The Sally Hacker Prize was established in 1999 to honor exceptional scholarship that reaches beyond the academy toward a broad audience. Any book published in the three years preceding the year of the award is eligible (for example, books eligible for the 2019 award would have been published in 2016–2018). The prize consists of an award of $2,000.
Publishers and authors are invited to nominate titles for this prize. To nominate a book, all committee members listed below need to receive a copy of the nominated book. You can nominate books via our online submission system. After completing the submission you will receive a confirmation e-mail with further instructions and mail addresses of the committee members.
Eligible books that have been nominated for the Hacker Prize before can be re-nominated. Each book is eligible for three years after its publication date. So it is possible to nominate a book in three consecutive years. In case it concerns a re-nomination you have to indicate this in the online submission form. You must make sure to send a copy of the book to newly appointed Hacker Prize Committee members, and you have to inform the returning committee members (who already received the book before) that it concerns a re-nomination.
Call for Nominations for 2023 has been closed
Deadline for RECEIPT of Nominated books for the 2023 Hacker Prize was 30 April.
For more information, please contact the SHOT Secretariat, [email protected].
|Alex Cummings (2021-2023), Chair|
|Thomas S. Mullaney (2022-2024)|
|Meredith Broussard (2023-2025)|
|2022||Kate Crawford,; Atlas of AI: Power, Politics, and the Planetary Costs of Artificial Intelligence (Yale University Press 2021)|
|2021||Ainissa Ramirez; The Alchemy of Us: How Humans and Matter Transformed One Another (The MIT Press 2020)|
|2020||Morgan C. Ames, The Charisma Machine: The Life, Death and Legacy of One Laptop per Child (The MIT Press 2019)|
|2019||Meredith Broussard, Artificial Unintelligence: How Computers Misunderstand the World (The MIT Press, 2018)|
|2018||Mar Hicks, Programmed Inequality: How Britain Discarded Women Technologist and Lost Its Edge in Computing (The MIT Press, 2017)|
|2017||Noris Hundley Jr. and Donald C. Jackson, Heavy Ground: William Mulholland and the St. Francis Dam Disaster (The Huntington Library and the University of California Press, 2015)|
|2016||Laura Snyder, Eye of the Beholder: Johannes Vermeer, Antoni van Leeuwenhoek, and the Reinvention of Seeing (W. W. Norton and Company, 2015)|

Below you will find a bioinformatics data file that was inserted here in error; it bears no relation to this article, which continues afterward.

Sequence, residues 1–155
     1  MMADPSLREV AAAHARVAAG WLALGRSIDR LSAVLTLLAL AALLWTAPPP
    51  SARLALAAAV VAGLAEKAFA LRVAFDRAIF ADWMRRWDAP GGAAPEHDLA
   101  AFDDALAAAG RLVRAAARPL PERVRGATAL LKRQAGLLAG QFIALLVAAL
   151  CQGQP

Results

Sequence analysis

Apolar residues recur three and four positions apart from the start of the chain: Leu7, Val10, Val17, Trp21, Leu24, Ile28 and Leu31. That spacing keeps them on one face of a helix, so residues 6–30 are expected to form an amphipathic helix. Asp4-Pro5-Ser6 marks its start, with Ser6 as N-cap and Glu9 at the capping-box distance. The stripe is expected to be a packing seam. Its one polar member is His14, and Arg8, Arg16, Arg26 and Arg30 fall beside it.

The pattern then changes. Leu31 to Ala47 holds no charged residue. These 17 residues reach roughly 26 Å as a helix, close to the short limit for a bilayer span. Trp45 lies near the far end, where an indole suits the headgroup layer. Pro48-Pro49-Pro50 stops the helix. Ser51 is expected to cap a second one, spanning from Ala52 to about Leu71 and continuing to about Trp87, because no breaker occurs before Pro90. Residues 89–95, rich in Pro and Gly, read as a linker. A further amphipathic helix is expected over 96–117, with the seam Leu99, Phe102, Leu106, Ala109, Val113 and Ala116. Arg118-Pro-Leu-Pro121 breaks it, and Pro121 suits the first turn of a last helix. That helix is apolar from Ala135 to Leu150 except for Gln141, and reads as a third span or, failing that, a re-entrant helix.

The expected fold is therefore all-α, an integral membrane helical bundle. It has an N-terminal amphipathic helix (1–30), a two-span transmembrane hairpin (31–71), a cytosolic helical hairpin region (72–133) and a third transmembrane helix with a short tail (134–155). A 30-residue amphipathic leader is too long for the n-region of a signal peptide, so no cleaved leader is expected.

|2015||W. Bernard Carlson, Tesla: Inventor of the Electrical Age (Princeton University Press, 2013)|
|2014||Eric Schlosser, Command and Control: Nuclear Weapons, the Damascus Accident, and the Illusion of Safety (New York: The Penguin Press, 2013)|
|2013||Regina Blaszczyk, The Color Revolution (MIT Press, 2012)|
|2012||Molly Berger, Hotel Dreams: Luxury, Technology, and Urban Ambition in America, 1829–1929 (Johns Hopkins University Press, 2011)|
|2011||James R. Fleming, Fixing the Sky: The Checkered History of Weather and Climate Control (Columbia University Press, 2010)|
|2010||Susanne Freidberg, Fresh: A Perishable History (Harvard University Press, 2009)|
David Nye, Technology Matters: Questions to Live With (MIT, 2006)
|2008||W. Bernard Carlson, Technology in World History (Oxford University Press, 2005)|
|2007||Mark Katz, Capturing Sound: How Technology Has Changed Music (University of California Press, 2004)|
|2006||Brian Hayes, Infrastructure: A Field Guide to the Industrial Landscape (W.W. Norton, 2005)|
|2005||David Herlihy, Bicycle: The History (Yale University Press, 2004)|
|2004||Rebecca Solnit, River of Shadows: Eadweard Muybridge and the Technological Wild West (Viking, 2003)|
|2003||Philip Ball, Bright Earth: Art and the Invention of Color (Farrar Strauss and Giroux 2002)|
|2002||Bella Bathurst, The Lighthouse Stevensons: The Extraordinary Story of the Building of the Scottish Lighthouses by the Ancestors of Robert Louis Stevenson (Harper Collins, 1999)|
|2001||David A. Mindell, War, Technology, and Experience Aboard the USS Monitor (Johns Hopkins University Press, 2000)|
|2000||Susan J. Douglas, Listening In: Radio and the American Imagination (Times Books 1999)|
|1999||Michael Riordan and Lillian Hoddeson, Crystal Fire: The Birth of the Information Age (Norton 1997)|